During the war, South Vietnam was heavily criticized for its counter-terrorism measures, which the biased left-leaning U.S. media deemed as harsh and repressive. These characterizations were ill-informed, lacking in context, and heavily in favor of the communists. Understanding the true and horrific nature of the communist terror policy, as Hubbell’s report helps to accomplish, one gains some key perspective on the reasons why South Vietnam was so heavy-handed in dealing with the VC in the South. South Vietnam was facing a major terrorist problem, and had to implement tough countermeasures to effectively defend the state and its citizens from communist terror attacks.

Hubbell’s source brings to light those countless cases of communist barbarity, and doing so in great detail. The vivid accounts given by Hubbell illustrates clearly the criminal governance of the dictator Ho Chi Minh, who, as shown, is responsible for the deaths of hundreds of thousands of innocent Vietnamese people, in the North and the South. These deaths were not collateral damage, but the explicit results of the actions performed by the man and his totalitarian state. In addition, Hubbell’s report offers some valuable insight on life in the South, such as the nation’s democratic values and emphasis on education, things that the communists were trying so hard to destroy.

Interesting Ho Chi Minh Quotes: The Art of Deception

Posted in Modern History, Politics with tags , , , , on October 2, 2010 by Ian Pham

In the spirit of our new “Quotes” section, here are some interesting quotes by the infamous Ho Chi Minh.  You’ll be surprised at what the main message in his words are.  Just so you know, it’s not Communism.

“The Vietnamese people deeply love independence, freedom, and peace. But in the face of United States aggression, they have risen up, united as one man.”

“Love other human beings as you would love yourself.”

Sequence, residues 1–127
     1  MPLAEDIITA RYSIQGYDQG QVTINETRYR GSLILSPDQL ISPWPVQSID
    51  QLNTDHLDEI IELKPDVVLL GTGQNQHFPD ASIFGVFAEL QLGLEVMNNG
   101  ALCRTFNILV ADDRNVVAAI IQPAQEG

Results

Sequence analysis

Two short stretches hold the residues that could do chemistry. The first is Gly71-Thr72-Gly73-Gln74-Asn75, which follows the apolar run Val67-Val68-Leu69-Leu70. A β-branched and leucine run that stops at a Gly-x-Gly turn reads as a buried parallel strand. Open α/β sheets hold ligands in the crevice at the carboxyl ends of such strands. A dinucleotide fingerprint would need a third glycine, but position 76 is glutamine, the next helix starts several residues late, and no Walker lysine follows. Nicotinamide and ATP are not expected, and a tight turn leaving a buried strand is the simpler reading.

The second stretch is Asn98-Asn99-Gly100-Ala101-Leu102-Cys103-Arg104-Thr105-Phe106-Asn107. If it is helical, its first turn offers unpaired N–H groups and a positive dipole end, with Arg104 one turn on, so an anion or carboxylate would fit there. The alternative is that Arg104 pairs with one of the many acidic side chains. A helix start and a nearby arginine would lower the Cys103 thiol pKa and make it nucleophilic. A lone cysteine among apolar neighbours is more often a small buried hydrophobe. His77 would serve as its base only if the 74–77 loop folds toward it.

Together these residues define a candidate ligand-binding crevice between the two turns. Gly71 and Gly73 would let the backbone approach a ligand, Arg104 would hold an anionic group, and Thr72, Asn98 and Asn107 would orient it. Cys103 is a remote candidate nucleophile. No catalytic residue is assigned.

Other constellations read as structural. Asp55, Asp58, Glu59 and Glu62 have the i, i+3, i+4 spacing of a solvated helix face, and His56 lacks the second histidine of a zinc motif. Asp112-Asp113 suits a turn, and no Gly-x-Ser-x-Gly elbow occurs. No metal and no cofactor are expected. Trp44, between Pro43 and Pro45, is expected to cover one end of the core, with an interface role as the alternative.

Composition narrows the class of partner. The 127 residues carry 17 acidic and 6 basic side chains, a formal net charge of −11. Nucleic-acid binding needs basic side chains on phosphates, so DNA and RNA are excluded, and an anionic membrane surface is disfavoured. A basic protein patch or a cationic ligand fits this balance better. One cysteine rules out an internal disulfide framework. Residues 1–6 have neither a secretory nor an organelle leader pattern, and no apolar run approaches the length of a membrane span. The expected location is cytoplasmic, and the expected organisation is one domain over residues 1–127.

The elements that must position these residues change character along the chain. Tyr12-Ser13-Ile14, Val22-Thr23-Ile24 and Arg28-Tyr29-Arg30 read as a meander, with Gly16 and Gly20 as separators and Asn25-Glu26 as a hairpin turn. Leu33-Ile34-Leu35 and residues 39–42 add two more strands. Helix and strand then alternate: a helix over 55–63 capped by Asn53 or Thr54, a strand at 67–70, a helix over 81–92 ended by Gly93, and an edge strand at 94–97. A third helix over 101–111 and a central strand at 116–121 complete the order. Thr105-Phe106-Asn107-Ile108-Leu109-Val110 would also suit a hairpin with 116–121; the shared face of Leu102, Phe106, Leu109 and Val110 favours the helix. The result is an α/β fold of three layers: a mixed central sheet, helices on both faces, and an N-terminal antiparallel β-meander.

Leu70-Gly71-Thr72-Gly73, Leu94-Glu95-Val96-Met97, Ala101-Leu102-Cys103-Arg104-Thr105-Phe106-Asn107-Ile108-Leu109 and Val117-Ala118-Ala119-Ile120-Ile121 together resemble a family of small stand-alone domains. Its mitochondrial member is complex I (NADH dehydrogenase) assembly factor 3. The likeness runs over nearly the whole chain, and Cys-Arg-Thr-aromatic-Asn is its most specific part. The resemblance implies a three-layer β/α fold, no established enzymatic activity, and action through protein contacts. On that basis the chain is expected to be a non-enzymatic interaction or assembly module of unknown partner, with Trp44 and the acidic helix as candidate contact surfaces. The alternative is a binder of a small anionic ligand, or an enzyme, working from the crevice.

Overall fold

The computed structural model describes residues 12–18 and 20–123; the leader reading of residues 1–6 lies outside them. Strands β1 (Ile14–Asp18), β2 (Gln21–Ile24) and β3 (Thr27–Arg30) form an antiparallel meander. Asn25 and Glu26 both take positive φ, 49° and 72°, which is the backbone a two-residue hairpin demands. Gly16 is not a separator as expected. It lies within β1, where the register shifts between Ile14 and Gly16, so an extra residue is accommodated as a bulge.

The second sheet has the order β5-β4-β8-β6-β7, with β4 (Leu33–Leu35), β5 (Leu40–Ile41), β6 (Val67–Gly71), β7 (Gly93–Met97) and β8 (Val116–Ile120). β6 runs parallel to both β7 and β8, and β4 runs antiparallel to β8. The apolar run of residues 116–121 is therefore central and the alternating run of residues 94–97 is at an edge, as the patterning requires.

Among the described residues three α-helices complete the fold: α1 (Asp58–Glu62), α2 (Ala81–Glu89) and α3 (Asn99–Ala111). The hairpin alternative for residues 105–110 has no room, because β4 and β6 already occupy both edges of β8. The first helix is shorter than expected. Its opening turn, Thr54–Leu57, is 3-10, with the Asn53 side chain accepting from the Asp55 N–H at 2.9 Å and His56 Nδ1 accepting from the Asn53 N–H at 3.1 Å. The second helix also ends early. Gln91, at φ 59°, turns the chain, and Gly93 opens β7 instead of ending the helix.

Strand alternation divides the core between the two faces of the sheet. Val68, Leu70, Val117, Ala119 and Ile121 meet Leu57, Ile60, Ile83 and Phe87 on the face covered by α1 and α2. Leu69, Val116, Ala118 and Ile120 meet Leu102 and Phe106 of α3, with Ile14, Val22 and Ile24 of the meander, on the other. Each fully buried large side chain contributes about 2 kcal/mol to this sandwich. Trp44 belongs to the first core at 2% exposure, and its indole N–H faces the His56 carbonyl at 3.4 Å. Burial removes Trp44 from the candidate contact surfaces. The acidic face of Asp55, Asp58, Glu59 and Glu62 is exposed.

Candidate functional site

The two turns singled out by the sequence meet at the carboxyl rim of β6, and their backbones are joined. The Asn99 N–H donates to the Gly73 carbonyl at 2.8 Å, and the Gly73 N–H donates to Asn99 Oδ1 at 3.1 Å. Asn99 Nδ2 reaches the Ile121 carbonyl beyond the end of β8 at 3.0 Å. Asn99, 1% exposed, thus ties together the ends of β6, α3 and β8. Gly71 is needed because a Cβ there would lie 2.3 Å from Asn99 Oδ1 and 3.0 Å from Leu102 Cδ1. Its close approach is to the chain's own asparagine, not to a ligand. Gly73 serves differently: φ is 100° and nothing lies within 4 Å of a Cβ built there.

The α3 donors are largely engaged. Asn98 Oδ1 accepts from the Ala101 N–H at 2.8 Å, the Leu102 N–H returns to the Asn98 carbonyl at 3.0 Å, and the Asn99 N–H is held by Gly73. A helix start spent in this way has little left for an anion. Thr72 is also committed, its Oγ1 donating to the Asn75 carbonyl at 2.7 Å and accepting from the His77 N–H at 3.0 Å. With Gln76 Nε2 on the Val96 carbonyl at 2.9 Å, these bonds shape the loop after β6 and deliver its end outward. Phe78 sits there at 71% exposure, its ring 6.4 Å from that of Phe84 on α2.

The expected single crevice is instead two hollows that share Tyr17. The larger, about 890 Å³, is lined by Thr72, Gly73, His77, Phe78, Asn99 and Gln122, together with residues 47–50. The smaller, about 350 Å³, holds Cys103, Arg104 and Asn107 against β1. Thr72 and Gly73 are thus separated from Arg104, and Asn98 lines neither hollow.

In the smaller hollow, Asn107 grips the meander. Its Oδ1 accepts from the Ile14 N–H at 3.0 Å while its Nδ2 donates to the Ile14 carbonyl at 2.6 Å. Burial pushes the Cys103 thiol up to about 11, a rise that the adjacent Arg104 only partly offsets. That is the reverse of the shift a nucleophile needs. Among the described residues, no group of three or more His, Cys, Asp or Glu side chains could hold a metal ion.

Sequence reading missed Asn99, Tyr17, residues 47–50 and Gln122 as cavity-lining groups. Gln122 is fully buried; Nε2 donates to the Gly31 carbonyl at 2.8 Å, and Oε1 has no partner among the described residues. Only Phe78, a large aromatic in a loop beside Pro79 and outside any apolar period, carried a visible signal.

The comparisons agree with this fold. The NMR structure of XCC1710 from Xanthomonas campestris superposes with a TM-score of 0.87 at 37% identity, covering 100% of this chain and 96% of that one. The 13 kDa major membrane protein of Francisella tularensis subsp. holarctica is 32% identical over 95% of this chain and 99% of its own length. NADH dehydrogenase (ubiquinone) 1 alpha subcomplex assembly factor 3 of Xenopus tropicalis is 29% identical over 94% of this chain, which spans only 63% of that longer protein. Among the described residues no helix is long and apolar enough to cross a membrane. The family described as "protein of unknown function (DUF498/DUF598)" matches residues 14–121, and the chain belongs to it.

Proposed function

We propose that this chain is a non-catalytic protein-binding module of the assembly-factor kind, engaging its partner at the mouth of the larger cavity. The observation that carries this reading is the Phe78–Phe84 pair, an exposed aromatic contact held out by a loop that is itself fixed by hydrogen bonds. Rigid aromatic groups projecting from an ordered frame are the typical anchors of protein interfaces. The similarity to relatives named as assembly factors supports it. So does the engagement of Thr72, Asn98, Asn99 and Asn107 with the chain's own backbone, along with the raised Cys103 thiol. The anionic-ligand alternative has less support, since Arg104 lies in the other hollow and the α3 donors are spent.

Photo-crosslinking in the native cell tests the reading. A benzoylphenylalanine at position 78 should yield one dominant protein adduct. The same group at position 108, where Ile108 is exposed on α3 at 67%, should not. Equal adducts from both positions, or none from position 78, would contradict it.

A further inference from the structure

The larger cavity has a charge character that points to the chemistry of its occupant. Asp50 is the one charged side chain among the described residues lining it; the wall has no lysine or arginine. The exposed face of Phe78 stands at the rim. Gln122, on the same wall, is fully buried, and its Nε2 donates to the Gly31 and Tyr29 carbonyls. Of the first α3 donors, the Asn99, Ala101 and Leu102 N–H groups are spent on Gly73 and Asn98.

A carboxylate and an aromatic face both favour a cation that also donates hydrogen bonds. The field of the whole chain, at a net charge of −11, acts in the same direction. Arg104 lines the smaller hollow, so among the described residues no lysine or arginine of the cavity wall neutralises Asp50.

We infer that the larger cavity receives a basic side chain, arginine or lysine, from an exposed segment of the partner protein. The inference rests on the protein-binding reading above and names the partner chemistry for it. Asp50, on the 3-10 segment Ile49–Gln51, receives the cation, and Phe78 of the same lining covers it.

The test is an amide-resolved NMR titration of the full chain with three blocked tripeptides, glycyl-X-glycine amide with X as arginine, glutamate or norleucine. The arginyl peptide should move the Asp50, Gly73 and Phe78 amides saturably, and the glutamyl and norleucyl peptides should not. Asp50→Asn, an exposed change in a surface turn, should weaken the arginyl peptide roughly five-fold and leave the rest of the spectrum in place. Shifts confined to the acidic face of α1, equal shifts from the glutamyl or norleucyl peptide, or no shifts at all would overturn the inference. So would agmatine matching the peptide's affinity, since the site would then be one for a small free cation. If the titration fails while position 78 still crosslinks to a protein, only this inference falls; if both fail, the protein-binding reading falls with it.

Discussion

“Nothing is more precious than independence and liberty.”

“It was patriotism, not Communism, that inspired me.”

“I only follow one party: the Vietnamese Party.”

Surprised?  Ho Chi Minh was a political genius, tricking everyone into believing his lies.  Using patriotism, nationalism, and the pretext of fighting for freedom, Ho Chi Minh demonized the Americans and defeated them in the war.  It is true, Ho Chi Minh was an inspiring man.  He was a charismatic individual who was able to gain support from many people inside and outside of Vietnam.  However, actions speak louder than words.  The crimes he committed against humanity have clearly been proven.  He was a criminal, not a patriot.  Thanks to him, Vietnam is now going through a phase of decline and self-destruction.  He is not the hero that we all thought he was.  However, I will acknowledge his title as the master of deception.  He’s a tricky one.

Ho Chi Minh: The Man Who Deceived the World

Posted in IV. Columns, Modern History, Politics with tags , , , , , , , , , , , on September 17, 2010 by Ian Pham

The Man Who Created “The System”

Ho Chi Minh, the man who brought Communism to Vietnam, kicked out the French, and liberated the country.  Sounds about right, too bad it’s mostly wrong.  I hope that by now, the positions that I have taken against Ho Chi Minh and Communism has become clear.  All the crimes committed by the Communists over the last 35 years, even up to present day, should paint a clear picture of what Ho Chi Minh has done to Vietnam.  The system created by Ho Chi Minh is autocratic, corrupted, and totalitarian.  Using ingenious methods of deception, Ho Chi Minh would lead the world on to think that he was a patriot, fighting with his heart and soul for the good of the nation.

Ho Chi Minh was a dictatorial, megalomaniacal, and extremely cunning man.  Behind that fatherly smile was a diabolical mind that was capable of deceiving the entire world, leading us to believe that he had the country’s interest in mind.  Ho Chi Minh claimed to live his life with only one goal in his mind: liberating the Vietnamese people from the grips of the French.  Apparently his one and only ambition in life was to free the country and lead it to prosperity.  Whether or not he meant it in the beginning is debatable, but the horrifying outcomes of his actions later on are absolutely undeniable.